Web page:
Muse Nils Wogram Muse
- 1All the Things That Could Go Wrong07:42
- 2Hope and Fear09:38
- 3Chillin' with J04:20
- 4Basis of Learning06:23
- 6Hard to Like Him03:51
- 7Albis Abelis06:58
- 8Michel's Secret08:36
- 9Hell of the Intellect05:48
Info for Muse
All or nothing! No half measures! Where routine weariness becomes noticeable in the careers of many other artists, one senses that every new project trombonist Nils Wogram takes on is his very first one. This is particularly noticeable on his new CD, Muse, recorded with harpist Kathrin Pechlof, violist and overtone singer Gareth Lubbe and Wogram’s long-term companion Hayden Chisholm on saxophone. But why start from scratch once again with a completely new band when Wogram has achieved everything a jazz musician can ever achieve with working bands such as Root 70, Nostalgia or the Vertigo Trombone Quartet as well as alongside Aki Takase, Simon Nabatov, Bojan Z, Michel Portal and many others? The answer is as simple as it is complex: because Nils Wogram simply can’t help but give in to his instinctive artistic curiosity and look at what is waiting for him over the horizon, regardless of everything he has achieved,
And so everything on Muse is actually completely different than what one is used to from Nils Wogram and his musical environment. The only constant remains Hayden Chisholm, a musician who has unreservedly shared the trombonist’s obsessions for decades and who always gives him a bit of support, not only musically but also, above all, as a human being – despite Wogram’s willingness to take risks. Wogram has also played together with Kathrin Pechlof from Berlin and Gareth Lubbe from South Africa in various groupings, but a line-up like the one on Muse has never existed before and is probably unparalleled in music history in general. All the greater is the incentive for the visionary trombonist, who never searches just for the sake of searching, but whose goal mark without any compromise is “finding,” to make the impossible possible and the unheard audible.
Nils Wogram’s music has always been characterized by a great sensuality. While he has celebrated the sensuality of the moment in almost all his projects so far, the sensuality of the lasting comes to the fore on Muse. Lingering in this form plays a major role in the chamber-musical feel of this constellation. The warm sounds sometimes recall the portraits of an Amadeo Modigliani, images that have frozen into still lifes. To stay in the picture, the album’s compositions can be visualized not so much as a leaf moving jauntily in a spontaneous gust of wind, but rather as a vase that graces a room in its once-created form and plays with light. “There are improvised passages on Muse as well,” Wogram notes, “but they are much less influenced by jazz, a characteristic that, of course, is very much up to the protagonists. When I was composing, I already knew with whom I would make the music and where their strengths lay. I brought that into harmony with my musical ideas. Only the future will show the extent to which these musical forms are permanently fixed or will develop further. I don’t know at the moment.”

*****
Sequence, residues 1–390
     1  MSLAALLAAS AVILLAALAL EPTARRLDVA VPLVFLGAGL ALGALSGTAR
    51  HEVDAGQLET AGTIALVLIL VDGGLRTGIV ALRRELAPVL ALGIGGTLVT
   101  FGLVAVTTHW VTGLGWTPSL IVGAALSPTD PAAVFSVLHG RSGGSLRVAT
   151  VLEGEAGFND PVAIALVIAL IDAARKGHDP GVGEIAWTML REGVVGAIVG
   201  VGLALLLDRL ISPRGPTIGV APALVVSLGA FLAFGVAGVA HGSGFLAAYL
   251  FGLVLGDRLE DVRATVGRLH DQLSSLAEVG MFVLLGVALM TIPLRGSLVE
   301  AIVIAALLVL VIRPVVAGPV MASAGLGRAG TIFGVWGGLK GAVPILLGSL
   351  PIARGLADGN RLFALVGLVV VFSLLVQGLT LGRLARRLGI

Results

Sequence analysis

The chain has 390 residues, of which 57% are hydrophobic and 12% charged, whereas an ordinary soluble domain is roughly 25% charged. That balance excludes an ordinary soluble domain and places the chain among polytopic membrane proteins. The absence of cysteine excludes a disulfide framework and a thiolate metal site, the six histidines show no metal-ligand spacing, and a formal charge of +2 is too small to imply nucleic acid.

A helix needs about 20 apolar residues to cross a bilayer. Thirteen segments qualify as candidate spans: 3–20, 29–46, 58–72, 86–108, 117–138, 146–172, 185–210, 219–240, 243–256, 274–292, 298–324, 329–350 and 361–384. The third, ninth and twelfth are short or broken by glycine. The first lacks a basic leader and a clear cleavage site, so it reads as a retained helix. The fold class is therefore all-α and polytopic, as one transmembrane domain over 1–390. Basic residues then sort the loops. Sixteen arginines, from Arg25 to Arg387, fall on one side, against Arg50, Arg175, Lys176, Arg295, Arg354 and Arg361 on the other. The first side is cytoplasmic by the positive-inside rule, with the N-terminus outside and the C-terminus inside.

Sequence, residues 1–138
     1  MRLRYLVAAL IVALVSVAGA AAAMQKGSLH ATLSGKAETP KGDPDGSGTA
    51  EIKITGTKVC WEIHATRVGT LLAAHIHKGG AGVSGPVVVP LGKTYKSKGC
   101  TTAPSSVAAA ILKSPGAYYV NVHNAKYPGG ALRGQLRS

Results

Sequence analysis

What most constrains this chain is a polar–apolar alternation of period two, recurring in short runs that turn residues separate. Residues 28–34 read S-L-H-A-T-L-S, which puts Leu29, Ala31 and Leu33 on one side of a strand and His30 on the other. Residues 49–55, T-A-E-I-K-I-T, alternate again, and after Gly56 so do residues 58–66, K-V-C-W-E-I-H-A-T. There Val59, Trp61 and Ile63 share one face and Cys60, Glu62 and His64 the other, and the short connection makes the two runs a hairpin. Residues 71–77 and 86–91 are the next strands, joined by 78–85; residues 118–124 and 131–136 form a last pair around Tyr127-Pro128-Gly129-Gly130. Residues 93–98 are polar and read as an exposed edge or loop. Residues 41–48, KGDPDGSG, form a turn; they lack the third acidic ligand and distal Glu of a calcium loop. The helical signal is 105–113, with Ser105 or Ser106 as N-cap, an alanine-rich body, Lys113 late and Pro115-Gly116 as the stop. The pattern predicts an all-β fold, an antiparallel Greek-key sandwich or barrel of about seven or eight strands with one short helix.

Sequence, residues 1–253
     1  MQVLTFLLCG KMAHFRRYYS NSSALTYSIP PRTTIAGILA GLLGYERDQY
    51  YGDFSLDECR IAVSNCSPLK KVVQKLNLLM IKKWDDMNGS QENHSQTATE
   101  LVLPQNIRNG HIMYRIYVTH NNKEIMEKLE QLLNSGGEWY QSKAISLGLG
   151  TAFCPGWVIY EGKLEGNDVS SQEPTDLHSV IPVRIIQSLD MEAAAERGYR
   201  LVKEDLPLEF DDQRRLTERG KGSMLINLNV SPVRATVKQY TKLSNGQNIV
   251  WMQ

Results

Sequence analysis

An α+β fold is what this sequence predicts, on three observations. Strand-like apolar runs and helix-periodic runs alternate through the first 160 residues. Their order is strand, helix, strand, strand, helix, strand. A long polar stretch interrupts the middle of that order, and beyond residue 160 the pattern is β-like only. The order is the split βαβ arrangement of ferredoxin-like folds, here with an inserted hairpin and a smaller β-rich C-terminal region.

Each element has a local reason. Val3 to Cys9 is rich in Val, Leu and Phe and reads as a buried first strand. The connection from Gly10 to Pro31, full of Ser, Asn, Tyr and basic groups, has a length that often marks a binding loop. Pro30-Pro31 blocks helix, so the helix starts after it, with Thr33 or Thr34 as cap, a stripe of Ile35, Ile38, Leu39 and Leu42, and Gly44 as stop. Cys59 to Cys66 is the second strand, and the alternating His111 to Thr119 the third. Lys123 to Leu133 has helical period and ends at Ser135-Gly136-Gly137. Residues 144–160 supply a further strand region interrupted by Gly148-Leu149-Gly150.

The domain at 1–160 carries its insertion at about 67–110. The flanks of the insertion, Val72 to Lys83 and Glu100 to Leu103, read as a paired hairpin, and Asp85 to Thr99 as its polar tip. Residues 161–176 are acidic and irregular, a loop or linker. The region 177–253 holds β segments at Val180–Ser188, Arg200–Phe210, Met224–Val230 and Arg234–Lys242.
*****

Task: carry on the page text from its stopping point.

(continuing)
How could you? With this CD, the Muse project is only just beginning. This laid-back openness to all the possibilities – ones that can arise from what has just begun – is also easily transferred to the listener. The music may be complex, but its immanent beauty and friendliness, for all its formal rigor, is also enormously relaxing for the listener. Muse is a quiet album. Every note counts. Sound is the crucial component. “A priority for me was to allow this quiet, sensual music to happen without questioning, from the outset, whether it would work in the form of a CD or live performance,” Wogram says. “I just like that aesthetic. But it can only work if I implement it consistently. Consistency for me is directly related to clarity. Music with a strong mood always releases strong emotions.”
In Muse, the constellations and transformations in the compositions are as diverse as the incidence of light at different times of day. The individual sounds interpenetrate each other with such transparency that it is not always possible to say exactly if this is a harp or viola, or where the multiphonics on the trombone begin and where Lubbe’s overtone singing ends? Chisholm’s saxophone runs through these sonic light shows like a spirit that continually mediates between physicality and foreboding. The harp – a very quiet instrument on whose level all other sound sources must or may engage – provides the timbre. For the first time in the long history of his music, Wogram has recorded an album in a sitting position in order to engage with the demands of the harp from all sides. Kathrin Pechlof, on the other hand, absorbs the input of trombone, saxophone, viola and voice in her thousand and one strings. This almost fairytale-like harmony is the basis, not the result of playing together. In this way, even from the outside, it is quite easy to listen to the four participants listening to each other.
In ancient mythology, the muse is a figure who unites the divine principle of creation and passes it on to mankind. The fables of great artistic personalities and their muses fill entire compendia. Nils Wogram, Kathrin Pechlof, Hayden Chisholm and Gareth Lubbe, however, do not need a personified source of inspiration to enter together into the service of the musical muse. Their tone poems without lyrics are full of poetry and show one thing above all: The first step is always the easiest!
Nils Wogram, trombone
Kathrin Pechlof, harp
Gareth Lubbe, violin, viola, overtone singing
Hayden Chisholm, alto saxophone, overtone singing
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